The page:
For some, a reemergence of social events has not been an invitation to resume using substances. Taylor Fogarty, a junior at Columbia University, spent years working in the service industry and managing bars—leading her to drink and use drugs regularly, especially during late hours. But when she quit working in the service industry right before the pandemic, she didn’t quit drinking alcohol. “I was drinking a lot during lockdown out of pure boredom and isolation,” Fogarty said.

That all came to an end in October 2020, after a night she describes as “rock bottom.” “I had a particularly bad birthday where I got really drunk, and lashed out at a bunch of people,” Fogarty said. “I woke up in my own throw up after hooking up with a stranger off Tinder. I had just turned 27 the night before, and I literally just woke up and was like, ‘All right, this is it. You’re done.’”

Shortly after, Fogarty checked into an Alcoholics Anonymous program—a step she said she would have never taken if meetings weren’t held virtually. “Attending an AA meeting on Zoom wasn’t as intimidating as walking into a church,” Fogarty said. “Especially as a young person, there’s a lot of stigma associated with going to AA, and with everything being online, I could also go to a meeting anywhere at all hours.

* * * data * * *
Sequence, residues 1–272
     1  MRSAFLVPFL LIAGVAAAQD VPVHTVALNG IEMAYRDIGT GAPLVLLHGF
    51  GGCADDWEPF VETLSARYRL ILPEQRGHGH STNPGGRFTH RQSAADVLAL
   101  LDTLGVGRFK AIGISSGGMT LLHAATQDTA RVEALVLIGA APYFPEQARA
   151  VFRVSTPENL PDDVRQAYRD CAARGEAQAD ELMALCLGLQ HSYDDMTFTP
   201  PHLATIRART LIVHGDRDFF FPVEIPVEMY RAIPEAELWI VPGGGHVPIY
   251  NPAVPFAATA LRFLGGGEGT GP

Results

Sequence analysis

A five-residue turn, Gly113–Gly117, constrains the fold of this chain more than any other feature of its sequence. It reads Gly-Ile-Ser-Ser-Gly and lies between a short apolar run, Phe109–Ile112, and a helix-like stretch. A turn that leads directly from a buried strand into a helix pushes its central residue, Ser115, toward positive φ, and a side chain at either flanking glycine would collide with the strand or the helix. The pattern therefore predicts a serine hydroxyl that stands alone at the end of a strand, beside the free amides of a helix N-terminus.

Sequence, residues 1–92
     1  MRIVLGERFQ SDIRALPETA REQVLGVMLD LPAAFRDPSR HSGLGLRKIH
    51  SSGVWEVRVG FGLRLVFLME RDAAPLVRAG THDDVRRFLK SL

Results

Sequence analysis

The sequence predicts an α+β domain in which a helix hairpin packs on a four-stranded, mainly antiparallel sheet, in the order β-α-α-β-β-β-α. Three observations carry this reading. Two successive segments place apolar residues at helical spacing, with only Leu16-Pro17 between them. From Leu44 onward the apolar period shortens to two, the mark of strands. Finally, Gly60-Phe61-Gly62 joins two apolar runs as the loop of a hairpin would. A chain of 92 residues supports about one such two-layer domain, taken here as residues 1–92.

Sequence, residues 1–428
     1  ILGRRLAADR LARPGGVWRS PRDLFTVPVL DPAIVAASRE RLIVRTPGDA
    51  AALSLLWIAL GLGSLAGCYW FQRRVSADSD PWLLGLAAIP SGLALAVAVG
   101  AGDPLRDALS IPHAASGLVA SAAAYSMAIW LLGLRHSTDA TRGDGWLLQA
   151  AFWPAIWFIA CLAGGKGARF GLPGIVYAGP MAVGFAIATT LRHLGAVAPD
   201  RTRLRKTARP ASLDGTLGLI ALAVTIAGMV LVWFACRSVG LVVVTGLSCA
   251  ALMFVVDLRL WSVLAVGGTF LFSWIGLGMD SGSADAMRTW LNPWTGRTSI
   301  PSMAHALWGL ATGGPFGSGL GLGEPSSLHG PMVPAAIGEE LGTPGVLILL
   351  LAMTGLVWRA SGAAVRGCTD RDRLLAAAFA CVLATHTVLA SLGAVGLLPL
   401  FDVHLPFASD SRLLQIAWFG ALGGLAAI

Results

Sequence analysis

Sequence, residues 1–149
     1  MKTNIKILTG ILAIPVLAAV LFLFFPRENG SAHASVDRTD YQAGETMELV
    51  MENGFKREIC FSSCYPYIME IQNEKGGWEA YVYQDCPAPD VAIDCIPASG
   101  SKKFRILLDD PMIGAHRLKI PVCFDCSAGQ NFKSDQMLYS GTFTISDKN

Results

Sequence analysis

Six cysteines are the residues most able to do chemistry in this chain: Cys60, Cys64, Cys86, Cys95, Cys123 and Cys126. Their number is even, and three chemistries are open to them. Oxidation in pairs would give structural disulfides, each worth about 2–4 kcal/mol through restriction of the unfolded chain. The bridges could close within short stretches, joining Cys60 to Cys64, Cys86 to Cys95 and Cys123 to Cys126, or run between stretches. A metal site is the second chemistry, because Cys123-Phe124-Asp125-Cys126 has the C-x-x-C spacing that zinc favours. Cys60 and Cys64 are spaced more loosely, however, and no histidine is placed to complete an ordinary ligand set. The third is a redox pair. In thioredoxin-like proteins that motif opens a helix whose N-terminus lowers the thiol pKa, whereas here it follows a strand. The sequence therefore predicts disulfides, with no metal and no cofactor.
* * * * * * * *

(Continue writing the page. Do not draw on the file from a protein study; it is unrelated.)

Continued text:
Luke (who declined to give his last name for privacy reasons), said that if he weren’t forced to live near his support networks, he wouldn’t have had the courage to get help. The 23-year-old graduated from college at the beginning of the pandemic and moved back home as campuses shut down. In college, Luke said he was a heavy drinker, and would binge-drink with his friends three to four days a week. And even when he moved back home to Boston, he would still hang out with friends and drink “socially.”

“Even though I was drinking with people, I was always overdoing it,” Luke said. These habits only worsened as the pandemic went on, as he was still living at home and working a new job remotely. During the winter, a time when he said he felt the most isolated, he would black out alone three to four days a week. After a series of near-death drunk driving incidents, as well as regrettable conversations he had with friends while intoxicated, Luke decided something had to change.